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PHILADELPHIA--Forging ahead with change was the theme of the second annual meeting of the Association of Cancer Executives (ACE). And for most of the speakers, change meant adapting to the new reality of managed care and hospital mergers.
PHILADELPHIA--Forging ahead with change was the theme of the secondannual meeting of the Association of Cancer Executives (ACE).And for most of the speakers, change meant adapting to the newreality of managed care and hospital mergers.
Leonard Fleck, PhD, professor of philosophy and medical ethics,Michigan State University, took meeting attendees on a tour ofthe moral challenges ahead.
He said that when speaking of cutting costs in health care, "oneperson's waste and inefficiency is another's life-saving care."Dr. Fleck gave an example from a Chicago Tribune article, whichdescribed a patient, Mrs. P, who was being treated for a brokenleg. Because the leg was not mending well and would require expensiveadditional care, her orthopod called her managed care case managerfor authorization.
The manager asked what would be the cheapest way to treat her.The physician sarcastically stated that amputation was the leastexpensive way, but found he had to furiously back pedal when thecase worker took him seriously, offering an $8,000 payment tosever the leg. The physician eventually prevailed, spending about$90,000 in total to save her leg.
Dr. Fleck then turned the question over to the audience of cancerexecutives and other health care professionals. He asked participantsto imagine themselves as managed care providers and to vote, viaelectronic devices he provided, whether it was a morally defensibledecision to save Mrs. P's leg at such a high cost.
More than half (52%) strongly agreed; 33% agreed; 15% were undecided;and no one disagreed. In other words, no one in the audience believedit was right to let managed care providers make such a criticaldecision based solely on money, and 85% were certain that savingthe leg was the right decision.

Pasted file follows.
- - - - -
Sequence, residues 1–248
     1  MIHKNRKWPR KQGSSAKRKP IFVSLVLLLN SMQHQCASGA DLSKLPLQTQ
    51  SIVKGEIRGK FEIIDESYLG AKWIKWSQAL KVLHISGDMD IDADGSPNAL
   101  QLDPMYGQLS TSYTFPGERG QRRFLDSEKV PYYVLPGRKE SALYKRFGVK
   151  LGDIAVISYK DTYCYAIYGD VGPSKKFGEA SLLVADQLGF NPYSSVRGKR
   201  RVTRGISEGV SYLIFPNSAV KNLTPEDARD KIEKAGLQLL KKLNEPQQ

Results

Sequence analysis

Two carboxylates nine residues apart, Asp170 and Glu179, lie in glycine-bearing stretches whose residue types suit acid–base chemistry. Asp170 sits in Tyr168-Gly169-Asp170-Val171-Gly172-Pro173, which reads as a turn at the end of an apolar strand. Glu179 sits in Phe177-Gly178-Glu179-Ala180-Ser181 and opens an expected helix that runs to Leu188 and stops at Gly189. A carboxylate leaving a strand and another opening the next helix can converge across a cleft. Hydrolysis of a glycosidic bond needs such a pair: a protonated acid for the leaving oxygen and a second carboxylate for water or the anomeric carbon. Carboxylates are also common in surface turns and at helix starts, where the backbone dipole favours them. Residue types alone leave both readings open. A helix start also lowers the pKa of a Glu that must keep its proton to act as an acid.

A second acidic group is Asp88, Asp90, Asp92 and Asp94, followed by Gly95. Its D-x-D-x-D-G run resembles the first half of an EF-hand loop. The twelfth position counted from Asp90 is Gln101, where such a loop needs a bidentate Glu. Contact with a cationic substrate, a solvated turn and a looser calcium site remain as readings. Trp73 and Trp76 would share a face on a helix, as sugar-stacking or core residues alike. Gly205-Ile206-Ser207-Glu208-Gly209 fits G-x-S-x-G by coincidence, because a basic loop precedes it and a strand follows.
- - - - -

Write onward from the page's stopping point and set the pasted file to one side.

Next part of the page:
However, when Dr. Fleck recast the scenario, the voting distributionshifted. If Mrs. P had come into the emergency room with a brokenleg and no insurance, would the hospital trustees be morally justifiedin denying her the costly extra treatment needed to save her leg?
This time 69% disagreed or strongly disagreed, meaning they werecertain that the leg should be saved regardless of who paid. Onthe other hand, 18% strongly agreed or agreed, meaning that whenthe hospital charity fund was to be the source of the extra money,they could justify cutting off the leg; another 18% were uncertain.
Medical advances are also colliding with the downsizing of thehealth care budget, forcing moral dilemmas upon the medical community,he said. In the 1970s, nobody needed a coronary artery bypassoperation because the procedure had barely been invented. Andyet by 1994, 400,000 patients underwent the procedure at a costof up to $40,000 each.
A still more costly technology looms on the horizon, the totallyimplantable artificial heart, which could be available sometimeafter the year 2000, Dr. Fleck said. In 1994, 350,000 people couldhave used such a device to save their lives, but only about 2,500of these artificial heart candidates were saved with a heart transplant.The shortage of donor hearts has provided a natural rationingmechanism for heart transplant operations, at least for now.
The artificial heart, at about $150,000 per surgery, would addabout $35 billion to the Medicare budget. "This one advancewould wipe out entirely the projected $240 billion Medicare savingsin Congress's proposed budget, to be achieved over the next 7years by reducing Medicare growth," he said.
Dr. Fleck asked, given the potential horrendous economic impactthe artificial heart poses, would it be morally defensible toban access to this device? More than three quarters said no--12%agreed or agreed strongly; 15% were uncertain; 33% disagreed;and 45% strongly disagreed.
When Dr. Fleck added an element of choice, though, by proposingthat artificial heart production be limited to 100,000 per yearand available only to those covered by insurance and under age70, only 39% of the audience objected--7% agreed strongly; 45%agreed; 15% were uncertain; 24% disagreed; and 15% strongly disagreed.
Dr. Fleck said his take home message was that health care rationingis a morally defensible reality. "Making public decisionsabout who to save and who to let die because these new technologiesare so expensive is politically divisive," he said. "Thesedecisions ought to be made through processes of rational democraticdeliberation in accord with norms of fairness that the majoritywould endorse."
In other words, he said, rationing decisions should be made inthe open, publicly agreed to, and, most of all, self-imposed bythe public rather than imposed from an outside force.